Why ‘Pinocchio’ and ‘Who Framed Roger Rabbit’ Are Scarier Than Most Horror Movies

We all have our favorite horror movie. It might be The Exorcist, the omenor the This movies. These movies are known as the scariest movies of all time. However, these movies don’t compare to the sheer horror of the scariest movies of all time: Pinocchio and Who Framed Roger Rabbit.

I know what you’re thinking. You are puzzled that I chose these family films that do not even belong to the horror genre. It makes one very confused realizing that these movies might be scarier than other horror movies, but I’ll do my best to explain.

I’ll start by describing the 1940 classic Pinocchio. In one particular scene that was cut from the 2022 remake, Honest John the Fox and Gideon the Cat are at a bar where they encounter a mysterious coachman. John brags that he sold the titular puppet to Stromboli for profit. The coachman offers the two a good sum of money, in exchange for some “stupid little boys”.

However, when Pleasure Island is mentioned, John becomes anxious and the coachman puts on a creepy smile that scared me when I first saw him on VHS with my parents in that dark basement. If you don’t believe me, you can watch it for yourself.

Scary, right? I say. I remember when I first saw him and was scared of my sheets that he traumatized me for quite a while.

Before seeing this film, I also remember seeing a film by one of my favorite directors, Robert Zemeckis, called Who Framed Roger Rabbit. The scene I remember was when Judge Doom was crushed and then revived in his true toon form and it was horrific.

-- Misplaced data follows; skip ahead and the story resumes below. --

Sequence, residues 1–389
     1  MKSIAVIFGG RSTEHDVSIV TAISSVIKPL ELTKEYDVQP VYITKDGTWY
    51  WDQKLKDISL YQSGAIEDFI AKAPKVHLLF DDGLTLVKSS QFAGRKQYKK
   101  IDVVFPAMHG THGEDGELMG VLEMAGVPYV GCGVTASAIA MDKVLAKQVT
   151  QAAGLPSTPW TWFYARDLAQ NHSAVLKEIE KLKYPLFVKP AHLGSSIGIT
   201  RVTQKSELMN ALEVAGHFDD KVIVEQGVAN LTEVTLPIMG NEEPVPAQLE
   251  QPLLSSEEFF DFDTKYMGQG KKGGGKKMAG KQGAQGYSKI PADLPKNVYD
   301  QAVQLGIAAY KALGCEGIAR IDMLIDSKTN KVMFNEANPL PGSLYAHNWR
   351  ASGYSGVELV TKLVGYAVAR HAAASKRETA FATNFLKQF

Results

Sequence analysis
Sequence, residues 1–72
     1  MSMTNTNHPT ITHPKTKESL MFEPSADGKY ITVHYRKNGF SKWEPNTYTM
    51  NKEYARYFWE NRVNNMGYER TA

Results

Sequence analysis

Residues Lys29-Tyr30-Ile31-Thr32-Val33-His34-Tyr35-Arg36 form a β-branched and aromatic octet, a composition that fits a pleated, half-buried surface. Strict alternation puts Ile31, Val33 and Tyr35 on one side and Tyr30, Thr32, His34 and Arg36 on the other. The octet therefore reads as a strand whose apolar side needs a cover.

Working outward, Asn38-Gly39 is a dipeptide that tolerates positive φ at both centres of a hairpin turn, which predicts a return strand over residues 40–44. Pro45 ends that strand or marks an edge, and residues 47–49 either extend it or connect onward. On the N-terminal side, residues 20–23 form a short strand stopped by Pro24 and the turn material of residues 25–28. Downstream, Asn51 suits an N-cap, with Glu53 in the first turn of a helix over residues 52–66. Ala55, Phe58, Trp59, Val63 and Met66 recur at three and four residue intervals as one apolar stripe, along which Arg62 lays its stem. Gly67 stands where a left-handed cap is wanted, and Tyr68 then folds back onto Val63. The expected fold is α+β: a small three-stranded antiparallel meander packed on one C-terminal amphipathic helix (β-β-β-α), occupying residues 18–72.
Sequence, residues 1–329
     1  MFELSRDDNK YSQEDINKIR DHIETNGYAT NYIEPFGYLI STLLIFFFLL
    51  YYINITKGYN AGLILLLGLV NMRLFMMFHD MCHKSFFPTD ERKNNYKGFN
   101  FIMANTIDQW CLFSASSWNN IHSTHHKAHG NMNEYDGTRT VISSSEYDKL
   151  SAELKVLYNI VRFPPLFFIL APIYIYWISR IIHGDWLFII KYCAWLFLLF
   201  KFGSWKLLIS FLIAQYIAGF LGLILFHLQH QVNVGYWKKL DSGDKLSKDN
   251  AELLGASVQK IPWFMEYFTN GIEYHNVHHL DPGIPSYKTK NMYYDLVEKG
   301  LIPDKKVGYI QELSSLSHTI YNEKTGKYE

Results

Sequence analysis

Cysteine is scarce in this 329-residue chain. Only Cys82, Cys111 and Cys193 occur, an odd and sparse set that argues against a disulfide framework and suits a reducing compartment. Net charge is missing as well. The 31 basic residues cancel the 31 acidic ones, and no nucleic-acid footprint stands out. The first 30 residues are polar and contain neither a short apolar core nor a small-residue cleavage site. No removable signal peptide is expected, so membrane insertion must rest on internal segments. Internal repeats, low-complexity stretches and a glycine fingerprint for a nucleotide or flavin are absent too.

Check it out.

If only I could count the number of nights this scene kept me awake. I bring up those two scenes and I think they’re really scarier than other horror movies, primarily because of their genre. They are family films and not horror. That being said, people will watch these movies with their guard down while they watch horror movies with their guard up because they know what to expect. They wouldn’t expect that from family movies. Also, since this is a family movie and the majority if the movie is good and wholesome, being scared will bring it out and be a good callback to the scene and make that scene even scarier.

This is the number one reason. The second reason is the amount of scares. In horror movies, there’s a litany of scares that the more scares there are in the movie, the less memorable those scares will be because they can get diluted. If you have a really good scare, it will be the most traumatic thing ever, because the movie or scene was building up to that point and the payoff was worth it.

Do you agree that Pinocchio and Who Framed Roger Rabbit scarier than most horror movies?

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